Andrew Sarris and the “A” Word
by Richard Brody

Andrew Sarris, who died today, at the age of eighty-three, is the one indispensable American film critic. He brought to American film criticism its crucial idea, its crucial word (“auteur”), and the crucial taste that it signifies: the recognition that the best of Hollywood directors are the equals of great directors anywhere in the world, and that they are the equals of painters, writers, and composers of genius.

Sarris (whom I met only briefly, at several screenings) was the American critic who meant the most to me when I was first learning about movies, because I sensed that he was interested in the essential thing — what makes the cinema an art. In the classic split between hedgehogs and foxes, he was the great hedgehog of American criticism. He knew one big thing: the colossal gravitational pull of the director, the true star that held all in its orbit and gave its light to reflect. Sarris may have suffered for staring too long and too fixedly into the directorial sun, but before he showed everyone which way to look, hardly anybody knew that it was there at all. Which is why, on this sad occasion, it seems fitting to talk about the idea and the word with which his name will always be linked.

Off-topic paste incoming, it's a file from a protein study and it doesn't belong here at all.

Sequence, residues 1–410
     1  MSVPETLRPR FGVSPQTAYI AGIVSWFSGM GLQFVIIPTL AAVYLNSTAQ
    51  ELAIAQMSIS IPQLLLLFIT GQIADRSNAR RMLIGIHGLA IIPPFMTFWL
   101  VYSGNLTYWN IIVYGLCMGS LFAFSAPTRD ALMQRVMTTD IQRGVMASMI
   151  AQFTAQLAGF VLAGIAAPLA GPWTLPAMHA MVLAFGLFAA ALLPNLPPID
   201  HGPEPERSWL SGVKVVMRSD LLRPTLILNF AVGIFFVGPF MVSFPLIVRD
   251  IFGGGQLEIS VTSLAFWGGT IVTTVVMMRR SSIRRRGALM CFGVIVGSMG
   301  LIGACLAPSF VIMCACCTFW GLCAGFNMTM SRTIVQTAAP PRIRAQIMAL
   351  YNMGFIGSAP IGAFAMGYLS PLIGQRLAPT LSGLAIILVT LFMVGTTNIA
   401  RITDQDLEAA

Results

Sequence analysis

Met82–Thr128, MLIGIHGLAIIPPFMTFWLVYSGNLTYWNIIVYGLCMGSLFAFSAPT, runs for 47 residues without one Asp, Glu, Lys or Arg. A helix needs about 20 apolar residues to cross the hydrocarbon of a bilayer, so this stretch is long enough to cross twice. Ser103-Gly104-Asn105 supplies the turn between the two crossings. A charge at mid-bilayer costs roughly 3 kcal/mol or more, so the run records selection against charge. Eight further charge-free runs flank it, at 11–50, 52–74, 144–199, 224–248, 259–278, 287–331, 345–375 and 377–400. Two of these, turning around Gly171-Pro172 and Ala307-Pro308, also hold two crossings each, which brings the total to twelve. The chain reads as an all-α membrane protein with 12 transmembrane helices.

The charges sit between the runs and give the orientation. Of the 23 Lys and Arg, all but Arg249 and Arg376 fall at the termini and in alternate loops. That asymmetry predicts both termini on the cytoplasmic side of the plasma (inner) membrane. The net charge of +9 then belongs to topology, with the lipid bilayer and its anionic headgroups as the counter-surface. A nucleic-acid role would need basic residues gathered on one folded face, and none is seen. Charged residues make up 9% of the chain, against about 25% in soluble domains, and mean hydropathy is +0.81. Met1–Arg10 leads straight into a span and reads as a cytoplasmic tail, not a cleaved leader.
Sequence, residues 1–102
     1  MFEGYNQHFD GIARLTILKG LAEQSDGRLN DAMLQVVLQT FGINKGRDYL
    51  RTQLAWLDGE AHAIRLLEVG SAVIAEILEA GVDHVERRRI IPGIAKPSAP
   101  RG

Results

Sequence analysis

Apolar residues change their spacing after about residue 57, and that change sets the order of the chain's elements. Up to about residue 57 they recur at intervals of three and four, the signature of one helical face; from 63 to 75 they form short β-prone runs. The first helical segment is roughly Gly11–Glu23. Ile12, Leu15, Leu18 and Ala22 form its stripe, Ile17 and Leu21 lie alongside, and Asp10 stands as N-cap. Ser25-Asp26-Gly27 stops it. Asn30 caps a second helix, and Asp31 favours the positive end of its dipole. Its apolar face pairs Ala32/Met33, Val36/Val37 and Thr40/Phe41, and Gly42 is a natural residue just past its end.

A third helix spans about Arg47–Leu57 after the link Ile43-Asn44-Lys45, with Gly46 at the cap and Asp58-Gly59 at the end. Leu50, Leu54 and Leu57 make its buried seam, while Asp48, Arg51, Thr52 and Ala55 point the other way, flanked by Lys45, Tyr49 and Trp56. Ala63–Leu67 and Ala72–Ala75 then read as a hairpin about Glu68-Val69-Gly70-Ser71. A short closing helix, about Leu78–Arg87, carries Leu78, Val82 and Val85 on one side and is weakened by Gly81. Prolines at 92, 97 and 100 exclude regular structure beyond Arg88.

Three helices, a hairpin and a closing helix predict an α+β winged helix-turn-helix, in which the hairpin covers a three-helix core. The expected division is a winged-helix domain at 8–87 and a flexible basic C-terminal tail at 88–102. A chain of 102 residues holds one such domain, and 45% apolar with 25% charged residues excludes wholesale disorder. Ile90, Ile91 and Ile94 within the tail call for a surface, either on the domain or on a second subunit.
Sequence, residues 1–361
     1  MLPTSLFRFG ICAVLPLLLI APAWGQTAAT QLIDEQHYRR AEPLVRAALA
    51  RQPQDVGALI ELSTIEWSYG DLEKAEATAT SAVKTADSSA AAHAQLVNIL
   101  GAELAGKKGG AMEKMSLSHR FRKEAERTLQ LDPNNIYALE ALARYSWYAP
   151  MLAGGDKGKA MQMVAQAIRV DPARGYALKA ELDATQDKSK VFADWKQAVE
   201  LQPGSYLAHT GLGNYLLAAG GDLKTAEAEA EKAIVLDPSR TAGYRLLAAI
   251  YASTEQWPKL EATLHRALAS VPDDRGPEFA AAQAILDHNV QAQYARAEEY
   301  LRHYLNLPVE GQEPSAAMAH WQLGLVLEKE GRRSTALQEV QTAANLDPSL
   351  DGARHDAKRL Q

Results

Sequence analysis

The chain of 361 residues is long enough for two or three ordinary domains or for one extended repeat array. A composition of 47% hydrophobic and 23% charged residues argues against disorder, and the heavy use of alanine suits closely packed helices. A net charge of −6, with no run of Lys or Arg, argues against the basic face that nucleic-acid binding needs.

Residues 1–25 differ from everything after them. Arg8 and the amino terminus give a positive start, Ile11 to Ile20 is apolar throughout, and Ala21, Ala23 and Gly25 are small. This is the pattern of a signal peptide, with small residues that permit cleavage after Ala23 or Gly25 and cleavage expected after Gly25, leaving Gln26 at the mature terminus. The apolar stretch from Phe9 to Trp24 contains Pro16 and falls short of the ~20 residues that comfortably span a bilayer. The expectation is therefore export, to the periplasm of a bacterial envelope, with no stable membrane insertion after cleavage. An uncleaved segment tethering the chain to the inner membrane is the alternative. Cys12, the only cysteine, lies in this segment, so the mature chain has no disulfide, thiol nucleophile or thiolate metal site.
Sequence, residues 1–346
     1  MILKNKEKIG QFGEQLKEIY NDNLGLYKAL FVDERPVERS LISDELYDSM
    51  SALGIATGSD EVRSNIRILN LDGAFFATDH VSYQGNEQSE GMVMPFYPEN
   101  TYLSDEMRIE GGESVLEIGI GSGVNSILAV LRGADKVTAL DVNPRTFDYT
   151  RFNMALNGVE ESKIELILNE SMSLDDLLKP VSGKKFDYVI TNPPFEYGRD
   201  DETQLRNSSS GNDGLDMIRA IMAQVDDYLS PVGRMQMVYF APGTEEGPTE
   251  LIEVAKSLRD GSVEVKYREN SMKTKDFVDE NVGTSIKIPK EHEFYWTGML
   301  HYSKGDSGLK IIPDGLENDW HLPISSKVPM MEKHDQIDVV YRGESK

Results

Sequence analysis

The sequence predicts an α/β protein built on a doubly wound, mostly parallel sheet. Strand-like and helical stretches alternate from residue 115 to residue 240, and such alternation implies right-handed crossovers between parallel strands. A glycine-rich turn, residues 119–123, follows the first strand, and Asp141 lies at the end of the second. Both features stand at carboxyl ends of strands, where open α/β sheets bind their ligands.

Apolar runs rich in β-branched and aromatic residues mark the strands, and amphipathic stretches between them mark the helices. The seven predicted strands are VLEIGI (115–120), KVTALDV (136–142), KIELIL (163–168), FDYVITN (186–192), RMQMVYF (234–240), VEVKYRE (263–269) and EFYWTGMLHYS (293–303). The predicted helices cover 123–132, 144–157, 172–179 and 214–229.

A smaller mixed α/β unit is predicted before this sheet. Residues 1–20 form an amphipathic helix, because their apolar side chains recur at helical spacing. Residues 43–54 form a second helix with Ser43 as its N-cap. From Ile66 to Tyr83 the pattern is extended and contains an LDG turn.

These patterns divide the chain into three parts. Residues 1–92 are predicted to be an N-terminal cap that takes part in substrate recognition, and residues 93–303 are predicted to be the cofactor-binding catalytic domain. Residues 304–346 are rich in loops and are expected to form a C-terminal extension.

The most interesting thing about the term “auteur” is that though it’s the ordinary French word for “author,” in English, it refers solely to movie directors, especially those whose work is deemed artistically ambitious. That’s because it was an aesthetic shock when the word was used, about sixty years ago, by a group of French critics at the newly founded Paris-based journal Cahiers du Cinêma. Their idea was that movie directors exert the same artistic control on (and bear the same moral responsibility for) their film as a writer does for a book, and can therefore be considered the “author” of a film.